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German Names for Boys

See Unique German Names for Boys

Top German Names for Boys

  • Leonard

    Leonard is the name of several saints, including one who is the patron saint of childhood, and another medieval saint who's the patron of prisoners--known for freeing prisoners he deemed worthy of... Read More 

  • Harry

    Harry is the medieval English form of Henry, which derived from the Germanic name Heimrich, meaning “estate ruler.” Harry was the nickname of all eight King Henrys; it is also a diminutive of... Read More 

  • Archie

    Archie made global news as the surprise first name of the newborn royal baby, son of the Duke and Duchess of Sussex aka Harry and Meghan. Archie has now officially transcended Archie Bunker and... Read More 

  • Tomas

    The pronunciation may be slightly different—toe-MAHS—though some parents use this as a phonetic spelling of Thomas.Read More 

  • Roger

    In the World War II era, Roger had nothing but the most positive associations, actually used by military personnel to mean 'Received and understood'--or A-OK, and though it is now on extended... Read More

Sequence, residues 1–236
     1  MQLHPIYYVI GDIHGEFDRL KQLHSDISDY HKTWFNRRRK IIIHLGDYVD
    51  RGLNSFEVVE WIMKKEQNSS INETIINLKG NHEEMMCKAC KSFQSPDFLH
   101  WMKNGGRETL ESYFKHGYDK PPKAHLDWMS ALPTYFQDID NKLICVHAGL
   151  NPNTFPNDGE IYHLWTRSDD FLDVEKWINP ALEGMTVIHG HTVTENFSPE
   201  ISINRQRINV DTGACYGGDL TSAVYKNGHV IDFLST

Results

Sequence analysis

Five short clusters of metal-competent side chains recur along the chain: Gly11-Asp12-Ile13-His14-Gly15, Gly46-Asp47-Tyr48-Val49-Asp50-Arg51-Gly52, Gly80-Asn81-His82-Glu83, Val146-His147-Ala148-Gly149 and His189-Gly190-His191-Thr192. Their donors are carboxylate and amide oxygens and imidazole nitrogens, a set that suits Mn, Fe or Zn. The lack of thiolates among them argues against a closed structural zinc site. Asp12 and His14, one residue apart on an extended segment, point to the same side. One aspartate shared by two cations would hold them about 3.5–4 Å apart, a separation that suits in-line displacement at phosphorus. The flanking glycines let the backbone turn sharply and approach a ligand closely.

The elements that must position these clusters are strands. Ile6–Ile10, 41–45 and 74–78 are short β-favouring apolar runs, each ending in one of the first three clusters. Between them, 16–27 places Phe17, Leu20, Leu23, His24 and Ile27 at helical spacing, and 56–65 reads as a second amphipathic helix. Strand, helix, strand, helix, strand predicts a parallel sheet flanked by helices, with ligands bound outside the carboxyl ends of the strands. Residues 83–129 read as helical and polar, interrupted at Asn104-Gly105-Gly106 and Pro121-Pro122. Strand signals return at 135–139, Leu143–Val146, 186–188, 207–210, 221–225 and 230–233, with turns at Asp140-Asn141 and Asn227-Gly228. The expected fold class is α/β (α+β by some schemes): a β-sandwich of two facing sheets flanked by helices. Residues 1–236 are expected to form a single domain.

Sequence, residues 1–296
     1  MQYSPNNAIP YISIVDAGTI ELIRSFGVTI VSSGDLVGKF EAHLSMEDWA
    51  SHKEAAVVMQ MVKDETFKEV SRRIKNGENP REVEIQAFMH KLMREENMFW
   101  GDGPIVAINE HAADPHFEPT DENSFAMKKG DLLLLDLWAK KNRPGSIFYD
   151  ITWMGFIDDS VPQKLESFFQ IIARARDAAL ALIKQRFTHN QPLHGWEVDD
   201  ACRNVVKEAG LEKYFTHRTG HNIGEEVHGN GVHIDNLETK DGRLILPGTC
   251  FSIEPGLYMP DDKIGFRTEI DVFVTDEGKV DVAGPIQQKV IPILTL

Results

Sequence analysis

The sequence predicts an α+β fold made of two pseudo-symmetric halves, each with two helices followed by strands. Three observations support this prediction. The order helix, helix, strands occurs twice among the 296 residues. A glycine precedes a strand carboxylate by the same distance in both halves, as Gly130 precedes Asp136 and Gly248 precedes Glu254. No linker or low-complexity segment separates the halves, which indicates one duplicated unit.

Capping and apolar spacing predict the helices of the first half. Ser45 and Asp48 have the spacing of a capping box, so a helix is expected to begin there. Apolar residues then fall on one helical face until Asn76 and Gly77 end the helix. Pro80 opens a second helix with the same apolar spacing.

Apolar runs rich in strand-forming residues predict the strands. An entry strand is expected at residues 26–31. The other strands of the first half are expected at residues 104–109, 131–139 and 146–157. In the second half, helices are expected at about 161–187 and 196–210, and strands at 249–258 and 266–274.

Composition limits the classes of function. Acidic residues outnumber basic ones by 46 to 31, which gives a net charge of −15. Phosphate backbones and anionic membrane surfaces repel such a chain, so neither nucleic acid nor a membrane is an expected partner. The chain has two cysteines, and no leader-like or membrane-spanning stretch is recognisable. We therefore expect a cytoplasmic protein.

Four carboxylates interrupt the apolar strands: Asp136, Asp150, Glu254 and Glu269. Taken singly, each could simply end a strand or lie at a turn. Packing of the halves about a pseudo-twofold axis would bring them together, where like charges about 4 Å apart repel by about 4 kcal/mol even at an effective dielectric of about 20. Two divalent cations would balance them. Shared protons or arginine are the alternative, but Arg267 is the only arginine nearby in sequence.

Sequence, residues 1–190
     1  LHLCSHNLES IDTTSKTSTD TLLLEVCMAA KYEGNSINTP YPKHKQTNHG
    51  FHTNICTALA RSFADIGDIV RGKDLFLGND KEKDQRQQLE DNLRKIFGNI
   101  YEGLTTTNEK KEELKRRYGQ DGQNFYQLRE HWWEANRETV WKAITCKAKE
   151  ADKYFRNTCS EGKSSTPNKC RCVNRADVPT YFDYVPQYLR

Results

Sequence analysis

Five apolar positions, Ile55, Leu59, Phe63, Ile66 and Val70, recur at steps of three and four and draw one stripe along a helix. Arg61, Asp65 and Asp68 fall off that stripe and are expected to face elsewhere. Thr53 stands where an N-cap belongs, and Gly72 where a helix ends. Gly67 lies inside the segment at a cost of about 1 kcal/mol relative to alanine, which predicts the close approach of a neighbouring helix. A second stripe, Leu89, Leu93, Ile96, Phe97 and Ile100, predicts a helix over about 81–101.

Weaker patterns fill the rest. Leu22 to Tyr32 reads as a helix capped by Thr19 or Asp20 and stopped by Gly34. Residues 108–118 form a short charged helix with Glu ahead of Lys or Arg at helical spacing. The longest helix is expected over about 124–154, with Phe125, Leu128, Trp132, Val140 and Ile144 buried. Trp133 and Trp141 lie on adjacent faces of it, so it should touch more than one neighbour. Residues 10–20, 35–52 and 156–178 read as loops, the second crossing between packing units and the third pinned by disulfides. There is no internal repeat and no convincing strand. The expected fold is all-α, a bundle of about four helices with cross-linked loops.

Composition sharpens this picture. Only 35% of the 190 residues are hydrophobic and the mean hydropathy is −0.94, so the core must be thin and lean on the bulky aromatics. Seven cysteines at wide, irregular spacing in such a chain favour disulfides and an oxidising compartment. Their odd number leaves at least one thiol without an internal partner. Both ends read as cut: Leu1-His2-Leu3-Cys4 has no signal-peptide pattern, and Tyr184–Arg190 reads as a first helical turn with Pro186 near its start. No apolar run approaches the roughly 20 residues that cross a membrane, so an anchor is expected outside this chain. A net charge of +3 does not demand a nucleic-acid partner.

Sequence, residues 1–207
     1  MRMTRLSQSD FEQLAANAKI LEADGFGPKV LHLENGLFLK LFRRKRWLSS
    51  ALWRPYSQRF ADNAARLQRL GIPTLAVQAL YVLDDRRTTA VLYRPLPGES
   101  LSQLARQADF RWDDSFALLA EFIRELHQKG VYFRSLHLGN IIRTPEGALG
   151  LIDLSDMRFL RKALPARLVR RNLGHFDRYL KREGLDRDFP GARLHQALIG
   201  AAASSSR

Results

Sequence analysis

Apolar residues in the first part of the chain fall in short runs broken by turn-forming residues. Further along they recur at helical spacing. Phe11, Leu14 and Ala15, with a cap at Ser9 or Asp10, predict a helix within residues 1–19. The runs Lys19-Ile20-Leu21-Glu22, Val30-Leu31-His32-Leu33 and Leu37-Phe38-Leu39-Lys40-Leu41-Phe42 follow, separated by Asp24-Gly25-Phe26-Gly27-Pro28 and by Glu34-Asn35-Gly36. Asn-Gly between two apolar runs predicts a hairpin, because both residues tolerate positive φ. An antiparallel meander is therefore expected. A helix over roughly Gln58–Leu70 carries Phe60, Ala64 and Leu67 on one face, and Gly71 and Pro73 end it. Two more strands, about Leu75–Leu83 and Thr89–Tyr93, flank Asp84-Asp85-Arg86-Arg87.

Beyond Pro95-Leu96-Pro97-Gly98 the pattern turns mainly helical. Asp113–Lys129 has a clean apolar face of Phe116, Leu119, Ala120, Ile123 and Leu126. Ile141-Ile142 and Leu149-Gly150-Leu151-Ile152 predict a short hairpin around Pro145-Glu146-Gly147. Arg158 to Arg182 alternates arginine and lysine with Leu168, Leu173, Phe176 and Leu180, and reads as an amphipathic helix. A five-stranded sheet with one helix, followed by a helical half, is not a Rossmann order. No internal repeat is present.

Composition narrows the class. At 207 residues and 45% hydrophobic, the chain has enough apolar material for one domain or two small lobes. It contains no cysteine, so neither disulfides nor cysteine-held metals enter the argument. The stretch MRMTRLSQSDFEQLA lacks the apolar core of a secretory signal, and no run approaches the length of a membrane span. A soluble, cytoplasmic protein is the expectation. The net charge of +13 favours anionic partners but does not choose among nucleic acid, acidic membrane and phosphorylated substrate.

• Otis

    Otis has a double image: it's cool and bluesy a la Otis Redding, but also an upscale, high-society name of the past. Otis has real appeal for parents attracted to its catchy O initial and... Read More 

  • Bruno

    Bruno is a popular name throughout Europe and South America that deserves more attention here. Its color meaning makes it one of the perfect Read More 

  • Emery

    Emery is one of the newly popular Em- names that has great potential, though right now for girls more than boys: it received a boost in 2009, a year after Angie Harmon and Jason Sehorn used it for... Read More 

  • Alonso

    Alonso is the Spanish and Portuguese diminutive version of Alfonso, itself deriving from an old Germanic name “Adalfuns” meaning "noble and ready." Although the Italian spelling Alonzo is more... Read More 

  • Carl

    This no-nonsense German variation of Charles is strong and still well used, but lacks much sensitivity or subtlety; the Latin forms have far more energy. Read More